Home Nutrition Healthy hot cross buns recipe

Healthy hot cross buns recipe

? credit: The Healthy Chef

Whether you’re a seasoned chef or just dipping a toe (or finger?) into baking, now is the perfect time to make Easter treats you can enjoy at home. And what’s better than the smell of hot cross buns straight from the oven? 

If you’re looking for a healthy, lower-gluten alternative that won’t leave you with a bloated belly come Easter Sunday, we’ve got the answer. Hold the caster sugar, flour and butter, because these buns are made from wholemeal spelt, rye, raisins, honey, cinnamon and vanilla.

‘Wholemeal spelt and rye are often tolerated by people who have digestive issues as they have a slightly lower gluten content and higher amino acid profile than traditional wheat-based flours,’ says Chef, Nutritionist, Personal Trainer and Founder of The Healthy Chef Teresa Cutter

‘What’s more, cinnamon improves insulin’s efficiency, which helps to regulate blood sugar levels.’

Cutter’s simple recipe
Try this healthy hot cross bun recipe, packed with goodness. It’s fairly simple (even for the less pro bakers) and tastes a treat.

Note: You’ll need to start prepping the day before you want to eat/serve your warm buns. 

INGREDIENTS
320g (2 3/4 cups) wholemeal spelt flour
50g (1/2 cup) rye flour
10g fresh yeast or 1 sachet 5g dried yeast
2 tbsp raw honey
250ml (1 cup) milk of your choice
2 organic eggs
Grated zest of 1 orange
1 tsp vanilla paste
½ tsp sea salt
2 tsp ground cinnamon
1 tsp ground ginger
150ml extra virgin olive oil
300g (2 cups) raisins or golden sultanas
100g dried chopped apricots
100g good quality 70 per cent dark eating chocolate, melted 

EGG WASH
1 organic egg
2 tbsp of milk

METHOD
Day 1
1. Combine the flours, yeast, honey, milk, eggs, orange zest, vanilla and salt into the bowl of your bench top mixer.
2. Mix with a dough hook at low speed until combined then increase the speed to medium and mix for about 8 minutes or until smooth.
3. Add the oil slowly, a little at a time until it is all incorporated into the dough. Take your time and don’t add too much at once.
4. Add the raisins and apricots and mix gently until just mixed in. Turn off your mixer and remove the bowl.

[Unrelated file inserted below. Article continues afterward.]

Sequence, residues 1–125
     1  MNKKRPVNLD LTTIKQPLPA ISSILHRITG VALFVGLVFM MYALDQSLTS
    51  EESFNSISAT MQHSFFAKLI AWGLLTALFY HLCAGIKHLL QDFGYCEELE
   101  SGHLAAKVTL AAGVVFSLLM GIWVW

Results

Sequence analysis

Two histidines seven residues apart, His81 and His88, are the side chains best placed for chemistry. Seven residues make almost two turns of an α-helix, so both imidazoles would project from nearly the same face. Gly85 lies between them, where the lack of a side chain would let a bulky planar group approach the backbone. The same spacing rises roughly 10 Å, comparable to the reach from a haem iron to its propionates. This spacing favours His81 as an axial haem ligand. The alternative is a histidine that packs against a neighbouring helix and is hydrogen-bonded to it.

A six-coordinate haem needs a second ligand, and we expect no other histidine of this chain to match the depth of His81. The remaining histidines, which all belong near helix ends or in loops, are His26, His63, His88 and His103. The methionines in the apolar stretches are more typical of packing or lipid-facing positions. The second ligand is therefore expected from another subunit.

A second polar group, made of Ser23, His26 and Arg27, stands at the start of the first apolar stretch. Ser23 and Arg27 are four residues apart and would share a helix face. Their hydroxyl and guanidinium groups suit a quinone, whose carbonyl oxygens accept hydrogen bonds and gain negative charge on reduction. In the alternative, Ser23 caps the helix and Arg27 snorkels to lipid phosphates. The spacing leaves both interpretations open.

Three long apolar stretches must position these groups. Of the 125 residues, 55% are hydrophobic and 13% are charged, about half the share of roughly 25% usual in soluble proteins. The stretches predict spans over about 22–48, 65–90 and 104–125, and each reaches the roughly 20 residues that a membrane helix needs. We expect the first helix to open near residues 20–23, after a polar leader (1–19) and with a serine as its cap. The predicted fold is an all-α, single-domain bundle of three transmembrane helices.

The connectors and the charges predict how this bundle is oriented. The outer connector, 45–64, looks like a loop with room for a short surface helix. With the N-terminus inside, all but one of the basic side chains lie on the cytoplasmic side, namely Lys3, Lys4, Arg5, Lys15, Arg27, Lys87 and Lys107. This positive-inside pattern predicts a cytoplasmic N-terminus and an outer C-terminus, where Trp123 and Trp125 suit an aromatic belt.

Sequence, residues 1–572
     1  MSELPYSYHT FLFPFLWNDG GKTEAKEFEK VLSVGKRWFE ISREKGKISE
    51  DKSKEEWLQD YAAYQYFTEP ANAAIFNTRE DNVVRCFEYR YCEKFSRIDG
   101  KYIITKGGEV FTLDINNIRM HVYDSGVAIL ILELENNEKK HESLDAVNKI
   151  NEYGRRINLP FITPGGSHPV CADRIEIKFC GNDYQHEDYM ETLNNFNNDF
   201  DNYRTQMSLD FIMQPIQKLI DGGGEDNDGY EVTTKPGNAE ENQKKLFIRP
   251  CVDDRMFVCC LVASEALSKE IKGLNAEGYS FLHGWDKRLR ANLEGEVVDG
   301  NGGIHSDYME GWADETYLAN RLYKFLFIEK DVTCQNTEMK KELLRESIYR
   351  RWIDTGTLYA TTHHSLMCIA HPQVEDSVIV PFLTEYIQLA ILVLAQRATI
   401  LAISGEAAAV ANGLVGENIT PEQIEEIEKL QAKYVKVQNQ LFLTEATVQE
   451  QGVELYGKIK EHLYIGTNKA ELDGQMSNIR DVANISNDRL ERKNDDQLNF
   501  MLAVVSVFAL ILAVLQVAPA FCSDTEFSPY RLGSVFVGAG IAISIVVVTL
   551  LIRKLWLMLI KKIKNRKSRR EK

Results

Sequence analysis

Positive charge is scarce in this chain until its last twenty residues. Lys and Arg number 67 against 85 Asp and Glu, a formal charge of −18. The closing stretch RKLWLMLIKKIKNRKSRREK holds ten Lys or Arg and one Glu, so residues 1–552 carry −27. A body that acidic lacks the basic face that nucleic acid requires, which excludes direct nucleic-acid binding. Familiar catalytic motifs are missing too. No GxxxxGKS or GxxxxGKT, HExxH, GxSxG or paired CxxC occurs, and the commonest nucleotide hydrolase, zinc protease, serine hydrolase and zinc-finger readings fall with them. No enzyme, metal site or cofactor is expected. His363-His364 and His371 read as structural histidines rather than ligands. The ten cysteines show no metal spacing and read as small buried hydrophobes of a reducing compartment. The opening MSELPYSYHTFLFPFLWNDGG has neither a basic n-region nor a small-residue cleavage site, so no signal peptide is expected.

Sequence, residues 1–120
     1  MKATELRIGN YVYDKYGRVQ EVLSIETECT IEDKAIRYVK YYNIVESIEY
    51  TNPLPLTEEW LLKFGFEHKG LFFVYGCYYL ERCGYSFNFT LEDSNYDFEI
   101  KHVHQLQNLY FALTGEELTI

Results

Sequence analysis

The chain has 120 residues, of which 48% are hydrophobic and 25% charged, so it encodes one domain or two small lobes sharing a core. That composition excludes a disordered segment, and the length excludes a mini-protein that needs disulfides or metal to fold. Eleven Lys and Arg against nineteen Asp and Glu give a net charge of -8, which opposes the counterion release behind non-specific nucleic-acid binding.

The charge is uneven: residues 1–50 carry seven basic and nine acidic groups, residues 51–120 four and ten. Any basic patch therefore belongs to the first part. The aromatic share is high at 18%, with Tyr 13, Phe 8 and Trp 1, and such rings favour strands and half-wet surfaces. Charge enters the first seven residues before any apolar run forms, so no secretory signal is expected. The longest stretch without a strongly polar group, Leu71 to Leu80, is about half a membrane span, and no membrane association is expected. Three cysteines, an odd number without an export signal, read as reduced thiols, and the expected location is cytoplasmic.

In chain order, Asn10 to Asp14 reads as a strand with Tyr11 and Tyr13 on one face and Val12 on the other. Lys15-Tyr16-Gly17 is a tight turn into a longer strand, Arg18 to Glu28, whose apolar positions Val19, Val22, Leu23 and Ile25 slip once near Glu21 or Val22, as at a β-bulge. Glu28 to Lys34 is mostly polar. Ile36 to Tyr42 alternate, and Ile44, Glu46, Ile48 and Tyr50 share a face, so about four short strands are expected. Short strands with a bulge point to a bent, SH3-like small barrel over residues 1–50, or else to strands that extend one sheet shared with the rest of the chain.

5. Cover your bowl with plastic wrap and allow to rest at room temperature for about one hour.
6. Place the dough into the fridge overnight to rest and develop for a further 12 hours. This dough is quite sturdy, so if you go over 12 hours, that’s okay as long as you cook the dough the following day. Resting also loosens the dough so you end up with a light and fluffy hot cross bun.

Day 2
1. Divide dough into 24 even size portions.
2. Leave to *prove in a warm place for about 2 hours. This depends on the warmth of your kitchen. I usually turn the oven on just to warm the kitchen and help them prove. The portions should at least double in size.
3. Preheat oven to 180 degrees celsius.
4. Make an egg wash using 1 whole egg and 2 tablespoons of milk.
5. Brush the tops of the buns with the egg wash.
6. Bake for 35–40 minutes or until golden and baked through.
7. Cool slightly.
8. Melt the chocolate, then pipe it over the buns before serving. Enjoy!

*Proving refers to the process of allowing the dough to rest and rise a final time before baking.

You’ll find more healthy recipes in our April/May edition of the magazine, including gluten-free fritters, matcha granola and more. Plus, for this very special edition, you only pay what you can afford! Happy reading. 

The STRONG Australia Team

Author: The STRONG Australia Team

STRONG Fitness Magazine Australia is a trusted source of cutting-edge fitness and health information for the resilient, modern woman. STRONG Australia’s sophisticated editorial voice and evidence-based articles, combined with powerful imagery and clean design, reflect the direction fitness has taken in the latest decade.

The STRONG Australia Team
STRONG Fitness Magazine Australia is a trusted source of cutting-edge fitness and health information for the resilient, modern woman. STRONG Australia’s sophisticated editorial voice and evidence-based articles, combined with powerful imagery and clean design, reflect the direction fitness has taken in the latest decade.

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